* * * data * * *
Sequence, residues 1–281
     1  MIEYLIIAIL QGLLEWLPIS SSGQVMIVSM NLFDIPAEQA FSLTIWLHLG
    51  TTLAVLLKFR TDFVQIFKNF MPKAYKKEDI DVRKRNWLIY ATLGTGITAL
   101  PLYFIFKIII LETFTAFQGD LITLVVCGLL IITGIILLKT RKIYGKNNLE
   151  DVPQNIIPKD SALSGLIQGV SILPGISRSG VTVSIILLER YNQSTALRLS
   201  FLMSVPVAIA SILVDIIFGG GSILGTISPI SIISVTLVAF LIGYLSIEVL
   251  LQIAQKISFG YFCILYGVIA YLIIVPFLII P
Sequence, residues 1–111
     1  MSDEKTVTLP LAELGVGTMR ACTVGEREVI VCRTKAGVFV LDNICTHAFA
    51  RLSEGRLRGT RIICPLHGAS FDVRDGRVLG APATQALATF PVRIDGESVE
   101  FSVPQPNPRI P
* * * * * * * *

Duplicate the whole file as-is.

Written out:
Sequence, residues 1–281
     1  MIEYLIIAIL QGLLEWLPIS SSGQVMIVSM NLFDIPAEQA FSLTIWLHLG
    51  TTLAVLLKFR TDFVQIFKNF MPKAYKKEDI DVRKRNWLIY ATLGTGITAL
   101  PLYFIFKIII LETFTAFQGD LITLVVCGLL IITGIILLKT RKIYGKNNLE
   151  DVPQNIIPKD SALSGLIQGV SILPGISRSG VTVSIILLER YNQSTALRLS
   201  FLMSVPVAIA SILVDIIFGG GSILGTISPI SIISVTLVAF LIGYLSIEVL
   251  LQIAQKISFG YFCILYGVIA YLIIVPFLII P
Sequence, residues 1–111
     1  MSDEKTVTLP LAELGVGTMR ACTVGEREVI VCRTKAGVFV LDNICTHAFA
    51  RLSEGRLRGT RIICPLHGAS FDVRDGRVLG APATQALATF PVRIDGESVE
   101  FSVPQPNPRI P